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St Anne's Catholic Primary School

"Love one another as I have loved you in our home, school and Parish family"

Maths Curriculum Statement

Intent At St. Anne’s , we have adopted a mastery approach in order to deliver the three aims of the National Curriculum: fluency, reasoning and problem solving. Underpinning this pedagogy is a belief that all children can achieve in maths. We believe in promoting sustained and deepening understanding by employing a variety of mastery strategies, with teaching for conceptual understanding at the heart of everything we do. We aim to create independent mathematicians who are well equipped to apply their learning to the wider world. Our approach aims to provide all children with full access to the curriculum, enabling them to develop independence, confidence and competence – ‘mastery’ in mathematics.

Underpinned by High Expectations Modelling Fluency Vocabulary

All children are expected to succeed and make progress from their starting points and to have confidence and competence – “mastery” – in mathematics.

Teachers teach using a clear set of methods with the development of consistent representations and resources throughout the school to expose the mathematical structure being taught.  Click here to access the policy relating to this.  Children are given the opportunity to develop quick and efficient recall of facts and procedures and the flexibility to move between different contents and representations of mathematics. Consistent language and stem sentences used across the year groups.  Language use, and understanding of, is an integral part of all mathematics lessons. 



Representations and structure Mathematical thinking Developing fluency

Lessons are broken down into small connected steps that gradually unfold the concept, providing access for all children and leading to a generalisation of the concept and the ability to apply the concept to a range of contexts.

Representations used in lessons expose the mathematical structure being taught, the aim being that students can do the maths without recourse to the representation.  All children have access to concrete resources to support them.  They will then move onto pictorial representations before attempting mathematical problems in their more abstract form. We call this our CPA policy(please click) Teaching ideas for the children to deepen understanding, by getting them to work on the idea, think about them, reason with them and discuss them with others is an aspect of all mathematics teaching within the school.  Children are given the opportunity to develop quick and efficient recall of facts and procedures which gives them the flexibility to move between different contexts and representations of mathematics.  We have what we have identified as a ‘Top Ten’ for each year group.  Theses are key, known facts which are necessary for fluency in that year group.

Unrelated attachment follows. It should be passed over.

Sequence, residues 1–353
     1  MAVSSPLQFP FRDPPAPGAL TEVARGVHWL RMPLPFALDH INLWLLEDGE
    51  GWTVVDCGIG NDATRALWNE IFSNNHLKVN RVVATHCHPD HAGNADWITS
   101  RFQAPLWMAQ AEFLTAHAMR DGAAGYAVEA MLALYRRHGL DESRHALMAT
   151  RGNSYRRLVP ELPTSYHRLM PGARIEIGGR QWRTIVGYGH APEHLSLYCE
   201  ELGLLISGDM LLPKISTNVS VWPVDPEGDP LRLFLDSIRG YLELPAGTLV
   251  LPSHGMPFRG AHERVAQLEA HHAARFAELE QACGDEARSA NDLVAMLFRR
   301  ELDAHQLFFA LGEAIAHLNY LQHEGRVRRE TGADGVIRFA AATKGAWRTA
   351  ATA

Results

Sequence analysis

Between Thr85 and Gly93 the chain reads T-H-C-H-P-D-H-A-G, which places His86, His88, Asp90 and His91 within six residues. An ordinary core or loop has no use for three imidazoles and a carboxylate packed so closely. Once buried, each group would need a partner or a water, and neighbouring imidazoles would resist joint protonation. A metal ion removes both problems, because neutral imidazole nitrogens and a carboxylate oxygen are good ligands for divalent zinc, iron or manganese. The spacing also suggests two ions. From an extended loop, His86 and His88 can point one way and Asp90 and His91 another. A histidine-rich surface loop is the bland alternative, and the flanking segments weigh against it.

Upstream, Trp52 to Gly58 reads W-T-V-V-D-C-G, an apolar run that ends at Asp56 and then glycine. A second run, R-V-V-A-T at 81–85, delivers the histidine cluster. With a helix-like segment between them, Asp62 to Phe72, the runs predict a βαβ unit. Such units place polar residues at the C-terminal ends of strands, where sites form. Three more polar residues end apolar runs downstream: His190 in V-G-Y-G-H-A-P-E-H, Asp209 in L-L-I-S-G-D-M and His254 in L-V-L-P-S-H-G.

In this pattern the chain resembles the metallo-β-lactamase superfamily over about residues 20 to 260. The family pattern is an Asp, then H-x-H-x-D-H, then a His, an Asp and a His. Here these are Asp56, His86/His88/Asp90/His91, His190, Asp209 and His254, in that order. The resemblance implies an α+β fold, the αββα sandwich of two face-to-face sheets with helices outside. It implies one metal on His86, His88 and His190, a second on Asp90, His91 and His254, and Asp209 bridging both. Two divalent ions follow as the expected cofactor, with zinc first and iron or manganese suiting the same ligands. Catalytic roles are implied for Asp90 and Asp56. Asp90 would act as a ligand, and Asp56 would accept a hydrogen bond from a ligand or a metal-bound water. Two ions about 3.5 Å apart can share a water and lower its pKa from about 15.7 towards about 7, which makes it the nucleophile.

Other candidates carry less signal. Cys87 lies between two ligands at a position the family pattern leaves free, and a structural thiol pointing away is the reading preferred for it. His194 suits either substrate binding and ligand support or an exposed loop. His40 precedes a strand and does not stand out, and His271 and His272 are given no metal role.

Variation Sequencing Coverage Problem Solving
In lessons, concepts are represented in more than one way to draw attention to the critical aspects and to develop deep and holistic understanding. Careful sequencing of lessons, activities and exercises used within a lesson and follow up practice, paying attention to what is kept the same and what changes, to connect the mathematics and draw attention to mathematical relationships and structure. Fewer topics are covered in greater depth with number sense and place value coming first. Problem solving is central to every lesson and exercises in teaching and follow up practice involve problems throughout the lesson to enable children to understand the need to and be able to apply mathematics to real situations.
Impact Pupil Voice Evidence in knowledge Evidence in skills Outcomes
To have children who can calculate with confidence, are engaged in, and enjoy, their mathematics lessons. Being able to explain their reasoning and application to maths problems. Being able to apply their skills to solve real world problems. Being ready to progress onto the next stage of their mathematical learning.